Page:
Recall that $$\theta = \{p(Z_i = 1), p(X_i = 1 \mid Z_i = 0),p(X_i = 1 \mid Z_i = 1)\}$$. Our objective is to determine the value of $$\theta$$ that maximizes the "averaged" complete data log-likelihood function (ACDLF) $$\mathbb{E}_{\mathbf{Z}}\left[\log p(\mathcal{D}_{XZ};\theta) \mid \mathcal{D}_X\right]$$ in $$\eqref{eq:acdlf}$$. From $$\eqref{eq:ll_avg}$$ and $$\eqref{eq:prior_avg}$$ above, we see that that the ACDLF is a function of $$\theta$$, the set of parameters that we want to estimate, and $$p(Z_i = 1 \mid X_i = 0)$$ and $$p(Z_i = 1 \mid X_i = 1)$$, the "other" parameters in the ACDLF. We are trying to maximize the ACDLF with respect to $$\theta$$, and to do so, we should be able to evaluate the ACDLF. However, we do not know the values of $$p(Z_i = 1 \mid X_i = 0)$$ and $$p(Z_i = 1 \mid X_i = 1)$$ to be able to evaluate the ACDLF. Therefore, we proceed as follows:

1. Guess initial values for the "other" parameters, $$p(Z_i = 1 \mid X_i = 0)$$ and $$p(Z_i = 1 \mid X_i = 1)$$, so that we are able to evaluate the ACDLF.
2. Determine a value of $$\theta$$ that maximizes the ACDLF, called $$\theta^*$$. (M step)
3. Since both $$p(Z_i = 1 \mid X_i = 0)$$ and $$p(Z_i = 1 \mid X_i = 1)$$ depend on the parameters in $$\theta$$ via Bayes' rule, we compute new values for them using $$\theta^*$$. (E step)
4. Repeat steps 2 and 3 until convergence.

Note: in the literature of the EM algorithm, step 1 above would be slightly different. Instead of guessing values for $$p(Z_i = 1 \mid X_i = 0)$$ and $$p(Z_i = 1 \mid X_i = 1)$$ directly, we would instead guess values for the parameters in $$\theta$$. Then, using these guesses, we compute values for $$p(Z_i = 1 \mid X_i = 0)$$ and $$p(Z_i = 1 \mid X_i = 1)$$ using Bayes' rule. Therefore, "step 0" would be to guess initial values for the parameters in $$\theta$$ first. However, the current wording of step 1 was chosen to avoid any confusion with steps 2 and 3.

## Implementation

We now derive expressions for the M step and E step in steps 2 and 3 above, respectively. First, for brevity, let the $$k^\text{th}$$ estimate for $$\theta$$ and the the "other" parameters be \begin{align} \theta^{[k]} &= \left\{p_k(Z_i = 1),p_k(X_i = 1 \mid Z_i = 0),p_k(X_i = 1 \mid Z_i = 1)\right\} \\ &= \left\{p_Z^{[k]},p_{XZ_0}^{[k]},p_{XZ_1}^{[k]}\right\} \\ p_k(Z_i = 1 \mid X_i = 0) &= p_{ZX_0}^{[k]} \\ p_k(Z_i = 1 \mid X_i = 1) &= p_{ZX_1}^{[k]} \end{align} We first guess initial values the parameters in $$\theta$$. Let these initial guesses be $$\theta^{} = \left\{p_Z^{},p_{XZ_0}^{},p_{XZ_1}^{}\right\}$$. Next, we compute initial guess for $$p(Z_i = 1 \mid X_i = 0)$$ and $$p(Z_i = 1 \mid X_i = 1)$$ using Bayes' rule: \begin{align} p_{ZX_0}^{} &= \frac{\left(1 - p_{XZ_1}^{}\right) \cdot p_Z^{}}{\left(1 - p_{XZ_1}^{}\right) \cdot p_Z^{} + \left(1 - p_{XZ_0}^{}\right) \cdot \left(1-p_Z^{}\right)} \\ p_{ZX_1}^{} &= \frac{p_{XZ_1}^{} \cdot p_Z^{}}{p_{XZ_1}^{} \cdot p_Z^{} + p_{XZ_0}^{} \cdot \left(1-p_Z^{}\right)} \end{align}

Next, we plug these guesses into the ACDLF in $$\eqref{eq:acdlf}$$ such that $$\eqref{eq:ll_avg}$$ and $$\eqref{eq:prior_avg}$$ become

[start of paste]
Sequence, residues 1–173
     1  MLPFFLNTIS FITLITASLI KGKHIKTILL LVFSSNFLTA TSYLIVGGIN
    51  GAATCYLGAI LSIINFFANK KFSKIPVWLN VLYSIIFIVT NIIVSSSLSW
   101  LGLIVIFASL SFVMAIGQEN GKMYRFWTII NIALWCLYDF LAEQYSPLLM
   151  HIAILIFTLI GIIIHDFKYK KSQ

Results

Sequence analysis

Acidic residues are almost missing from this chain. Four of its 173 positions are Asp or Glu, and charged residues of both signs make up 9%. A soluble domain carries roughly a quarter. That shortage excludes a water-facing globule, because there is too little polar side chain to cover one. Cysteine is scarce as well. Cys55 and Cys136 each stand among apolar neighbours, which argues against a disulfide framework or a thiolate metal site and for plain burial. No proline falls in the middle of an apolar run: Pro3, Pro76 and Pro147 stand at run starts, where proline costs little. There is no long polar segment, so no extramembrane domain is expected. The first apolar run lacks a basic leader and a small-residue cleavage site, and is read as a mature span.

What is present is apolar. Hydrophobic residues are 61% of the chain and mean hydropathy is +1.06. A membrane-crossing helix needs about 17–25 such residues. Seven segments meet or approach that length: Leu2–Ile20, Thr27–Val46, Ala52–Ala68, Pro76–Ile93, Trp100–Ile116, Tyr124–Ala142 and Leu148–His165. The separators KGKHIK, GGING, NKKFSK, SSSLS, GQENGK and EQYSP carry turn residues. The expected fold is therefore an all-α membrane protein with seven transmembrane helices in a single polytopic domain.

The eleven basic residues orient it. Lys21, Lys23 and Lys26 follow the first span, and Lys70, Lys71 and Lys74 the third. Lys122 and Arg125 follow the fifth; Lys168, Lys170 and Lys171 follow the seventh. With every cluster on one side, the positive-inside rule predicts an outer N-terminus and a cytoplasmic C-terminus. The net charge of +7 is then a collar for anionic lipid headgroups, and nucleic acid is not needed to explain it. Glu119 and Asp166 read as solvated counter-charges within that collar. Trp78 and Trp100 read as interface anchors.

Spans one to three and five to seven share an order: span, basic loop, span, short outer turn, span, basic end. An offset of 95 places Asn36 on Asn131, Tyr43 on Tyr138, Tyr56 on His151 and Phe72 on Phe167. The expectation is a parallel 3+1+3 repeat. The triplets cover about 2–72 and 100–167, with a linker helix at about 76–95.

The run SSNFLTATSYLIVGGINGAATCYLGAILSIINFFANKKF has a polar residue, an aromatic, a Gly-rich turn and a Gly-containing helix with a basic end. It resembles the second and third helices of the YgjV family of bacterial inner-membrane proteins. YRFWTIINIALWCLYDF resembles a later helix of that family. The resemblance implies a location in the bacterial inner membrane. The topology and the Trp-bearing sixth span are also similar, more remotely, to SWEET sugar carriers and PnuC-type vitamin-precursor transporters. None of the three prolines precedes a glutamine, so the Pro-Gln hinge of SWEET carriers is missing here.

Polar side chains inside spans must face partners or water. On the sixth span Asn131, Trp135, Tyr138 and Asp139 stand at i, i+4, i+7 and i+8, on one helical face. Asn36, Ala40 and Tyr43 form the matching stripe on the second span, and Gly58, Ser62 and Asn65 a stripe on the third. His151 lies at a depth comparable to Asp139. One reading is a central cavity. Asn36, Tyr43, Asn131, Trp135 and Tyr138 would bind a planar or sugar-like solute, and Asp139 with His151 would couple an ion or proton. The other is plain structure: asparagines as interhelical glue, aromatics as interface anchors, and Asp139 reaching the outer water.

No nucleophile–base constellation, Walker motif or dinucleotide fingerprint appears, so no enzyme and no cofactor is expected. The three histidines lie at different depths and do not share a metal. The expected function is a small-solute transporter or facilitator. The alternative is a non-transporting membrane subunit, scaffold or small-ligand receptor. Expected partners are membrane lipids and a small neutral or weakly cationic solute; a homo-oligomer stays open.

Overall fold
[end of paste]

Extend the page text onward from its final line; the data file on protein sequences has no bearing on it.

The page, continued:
\begin{align} \mathbb{E}_{Z_i}[\log p(X_i = x_i \mid Z_i) \mid X_i = x_i] &= p_{ZX_{x_i}}^{} \left[x_i \log p(X_i = 1 \mid Z_i = 1) + (1 - x_i) \log (1 - p(X_i = 1 \mid Z_i = 1))\right] \\ &+ (1 - p_{ZX_{x_i}}^{}) \left[x_i \log p(X_i = 1 \mid Z_i = 0) + (1 - x_i) \log (1 - p(X_i = 1 \mid Z_i = 0))\right] \label{eq:ll_avg_v2} \tag{4} \\ \mathbb{E}_{Z_i}[\log p(Z_i) \mid X_i = x_i] &= p_{ZX_{x_i}}^{} \cdot \log p(Z_i = 1) + (1 - p_{ZX_{x_i}}^{}) \cdot \log (1 - p(Z_i = 1)) \label{eq:prior_avg_v2} \tag{5} \end{align} This completes step 1 in the section "The EM Algorithm" above. We now move on to step 2, which is to determine a value of $$\theta$$ that maximizes the ACDLF. To do this, we differentiate the ACDLF in $$\eqref{eq:acdlf}$$ with respect to $$p(Z_i = 1), p(X_i = 1 \mid Z_i = 0),$$ and $$p(X_i = 1 \mid Z_i = 1)$$, equate each of the resulting expressions to $$0$$, and then solve for each of these parameters. Note that \begin{align} \frac{\partial}{\partial p(Z_i = 1)} \mathbb{E}_{\mathbf{Z}}\left[\log p(\mathcal{D}_{XZ};\theta) \mid \mathcal{D}_X\right] &= \sum_{i=1}^N \frac{\partial}{\partial p(Z_i = 1)} \mathbb{E}_{Z_i}\left[\log p(Z_i) \mid X_i = x_i\right] \label{eq:pz_deriv_acdlf} \tag{6} \\ \frac{\partial}{\partial p(X_i = 1 \mid Z_i = 0)} \mathbb{E}_{\mathbf{Z}}\left[\log p(\mathcal{D}_{XZ};\theta) \mid \mathcal{D}_X\right] &= \sum_{i=1}^N \frac{\partial}{\partial p(X_i = 1 \mid Z_i = 0)} \mathbb{E}_{Z_i}\left[\log p(X_i = x_i \mid Z_i) \mid X_i = x_i\right] \label{eq:pxz0_deriv_acdlf} \tag{7} \\ \frac{\partial}{\partial p(X_i = 1 \mid Z_i = 1)} \mathbb{E}_{\mathbf{Z}}\left[\log p(\mathcal{D}_{XZ};\theta) \mid \mathcal{D}_X\right] &= \sum_{i=1}^N \frac{\partial}{\partial p(X_i = 1 \mid Z_i = 1)} \mathbb{E}_{Z_i}\left[\log p(X_i = x_i \mid Z_i) \mid X_i = x_i\right] \label{eq:pxz1_deriv_acdlf} \tag{8} \end{align} where \begin{align} \frac{\partial}{\partial p(Z_i = 1)} \mathbb{E}_{Z_i}\left[\log p(Z_i) \mid X_i = x_i\right] &= \frac{\partial}{\partial p(Z_i = 1)} \left\{p_{ZX_{x_i}}^{} \cdot \log p(Z_i = 1) + (1 - p_{ZX_{x_i}}^{}) \cdot \log (1 - p(Z_i = 1)) \right\} \\ &= \frac{p_{ZX_{x_i}}^{}}{p(Z_i = 1)} - \frac{1 - p_{ZX_{x_i}}^{}}{1 - p(Z_i = 1)} \\ \frac{\partial}{\partial p(X_i = 1 \mid Z_i = 0)} \mathbb{E}_{Z_i}\left[\log p(X_i = x_i \mid Z_i) \mid X_i = x_i\right] &= \frac{\partial}{\partial p(X_i = 1 \mid Z_i = 0)} \biggl\{ p_{ZX_{x_i}}^{} \left[x_i \log p(X_i = 1 \mid Z_i = 1) + (1 - x_i) \log (1 - p(X_i = 1 \mid Z_i = 1))\right] \\ &+ (1 - p_{ZX_{x_i}}^{}) \left[x_i \log p(X_i = 1 \mid Z_i = 0) + (1 - x_i) \log (1 - p(X_i = 1 \mid Z_i = 0))\right] \biggr\} \\ &= (1 - p_{ZX_{x_i}}^{}) \left[\frac{x_i}{p(X_i = 1 \mid Z_i = 0)} - \frac{1 - x_i}{1 - p(X_i = 1 \mid Z_i = 0)}\right] \\ \frac{\partial}{\partial p(X_i = 1 \mid Z_i = 1)} \mathbb{E}_{Z_i}\left[\log p(X_i = x_i \mid Z_i) \mid X_i = x_i\right] &= \frac{\partial}{\partial p(X_i = 1 \mid Z_i = 1)} \biggl\{ p_{ZX_{x_i}}^{} \left[x_i \log p(X_i = 1 \mid Z_i = 1) + (1 - x_i) \log (1 - p(X_i = 1 \mid Z_i = 1))\right] \\ &+ (1 - p_{ZX_{x_i}}^{}) \left[x_i \log p(X_i = 1 \mid Z_i = 0) + (1 - x_i) \log (1 - p(X_i = 1 \mid Z_i = 0))\right] \biggr\} \\ &= p_{ZX_{x_i}}^{} \left[\frac{x_i}{p(X_i = 1 \mid Z_i = 1)} - \frac{1 - x_i}{1 - p(X_i = 1 \mid Z_i = 1)}\right] \end{align}